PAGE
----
While U.S. Rep. Mike Turner has asked for a panel of community leaders to investigate the finances of the National Aviation Hall of Fame, a Dayton attorney representing the nonprofit group has asked the congressman for a “public apology” and a “retraction of accusations.”
A Feb. 2 letter from the NAHF’s attorney, David C. Greer, to Turner released Monday said board trustees were upset two board members signed form letters “that your office obviously prepared” in support of the probe and “then represented those letters as if they were requests for a Congressional investigation of what sounds like criminal/ethical issues.”
“The reputation of the organization, its Board members and leaders does not deserve that kind of treatment,” attorney David C. Greer wrote. “I trust you will make a public apology and retraction of your accusations.”
The congressman said Monday any allegations were issues the blue ribbon panel would investigate once it’s formed in upcoming weeks. On Monday, he also announced the support of U.S. Sen. Rob Portman, R-Ohio, and U.S. Rep. Rob Bishop, R-Utah and chairman of the Natural Resources Committee, for the probe.
In a Jan. 25 letter to NAHF chairman William R. Harris Jr., Turner referred to his office receiving complaints of “financial mismanagement and misappropriation of NAHF resources and assets.” The letter did not detail what evidence existed for the allegations.
“A congressional inquiry is not a criminal investigation,” Turner, R-Dayton, said Monday in an interview. “(The attorney) is well aware of that. “If I believed anything criminal was happening at the Aviation Hall of Fame, I would be referring it to the sheriff.
“However,” Turner added, “this is an important organization both nationally and locally. They have a congressional charter and they are subject to congressional oversight. There are serious questions about the way they have been operating and those questions need answered.”
Dayton loses Hall of Fame ceremony to Texas
Financial data has shown the Hall of Fame has lost money the past several years. In 2015, for example, the Hall posted a loss of about $185,000, according to GuideStar, which tracks financial data on nonprofits.
Located inside the National Museum of the U.S. Air Force, the Hall has enshrined more than 230 aerospace legends since it launched in 1962.
For decades, the NAHF staged a yearly enshrinement black-tie gala dubbed “Oscar night in aviation” in the Dayton region. But in December, the NAHF Board of Trustees announced this year’s event will move for one year to Fort Worth, Texas, marking the first time the ceremony will be outside the Dayton area.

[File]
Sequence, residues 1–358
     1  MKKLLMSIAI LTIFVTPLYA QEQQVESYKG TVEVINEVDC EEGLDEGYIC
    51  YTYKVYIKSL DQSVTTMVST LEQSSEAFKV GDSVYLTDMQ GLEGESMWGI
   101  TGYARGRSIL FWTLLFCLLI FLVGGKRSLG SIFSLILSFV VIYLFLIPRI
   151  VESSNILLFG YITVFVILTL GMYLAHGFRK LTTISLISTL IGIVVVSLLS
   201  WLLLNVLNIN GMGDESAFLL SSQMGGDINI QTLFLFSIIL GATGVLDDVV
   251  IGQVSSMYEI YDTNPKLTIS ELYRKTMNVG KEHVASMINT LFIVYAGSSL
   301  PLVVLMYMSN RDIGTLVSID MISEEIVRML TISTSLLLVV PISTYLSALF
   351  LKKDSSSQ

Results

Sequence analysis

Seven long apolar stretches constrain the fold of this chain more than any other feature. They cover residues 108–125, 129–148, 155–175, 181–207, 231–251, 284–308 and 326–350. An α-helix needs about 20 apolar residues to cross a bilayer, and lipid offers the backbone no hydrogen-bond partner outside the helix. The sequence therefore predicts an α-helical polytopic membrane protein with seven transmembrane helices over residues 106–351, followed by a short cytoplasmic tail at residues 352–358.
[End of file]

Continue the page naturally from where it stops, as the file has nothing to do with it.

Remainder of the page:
In a statement Monday, Harris said the hall “welcomes any additional scrutiny” the decision to move the enshrinement ceremony “one time out of Dayton for 2017 may bring.”
Harris said Turner “or for that matter anyone else” was welcome to examine the Hall’s audited statements, meeting records and ask questions.
“The NAHF stands by the integrity of our Board of Trustees, which includes some of the leading industry, aerospace, and military personnel in the county, as well as our independent auditors” and two Dayton area accountants who are board members. Board members are volunteers. Many have made donations to the nonprofit and paid their own expenses to travel to and from the Hall of Fame, officials say.
In recent days, Turner also called on the Hall of Fame to “cease and desist” any talk of selling artifacts to raise money. Harris said in the statement Monday the Hall of Fame scuttled talk of selling a Wright-signed airplane propeller in the spring of 2015.
“No Board action has even been considered since that time almost two years ago,” Harris said.
Days after Turner’s Jan. 25 public announcement he would launch a probe into the NAHF, the congressman announced two board members had signed letters which gave the inquiry access to a broad swath of records the lawmaker had requested. The letters were dated Jan. 23, copies show.
Retired Air Force Col. Donald I. VanDerKarr and fellow board member Katie McCallum said in separate letters released Monday they did not initiate the investigation with complaints, but responded to a request from Turner’s office for authority to probe records if the letters were needed.
Both wrote they did not expect their Jan. 23 letters would be publicly released.
In the NAHF attorney’s Feb. 2 letter to Turner, Greer wrote in part two board members were “misinformed” about the form letter they were asked to sign.
VanDerKarr, 88, of Beavercreek, declined comment Monday and referred questions to NAHF’s attorney and Turner. McCallum could not be reached for immediate comment.
Local chamber, partnership involvement
Turner has asked Philip L. Parker of the Dayton Area Chamber of Commerce, Jeff Hoagland, of the Dayton Development Coalition, and Brady Kress, of Dayton History, to select members for the blue ribbon panel. All three men are the president and CEO of the organizations they lead.
“If there are concerns about about the operation and the financial success of the organization we would rather help out sooner rather than later,” Parker said. “The hope is that the folks that are chosen I’m sure will be objective and they want what is best for the NAHF and what’s best for the community.
“I don’t think that there is anything so onerous that people are looking for something specific that would get someone in trouble,” Parker added. “I think this is more about how can we look at their financial position, how can we offer what they need, and then can we offer suggestions to how to go about finding new or additional resources.”
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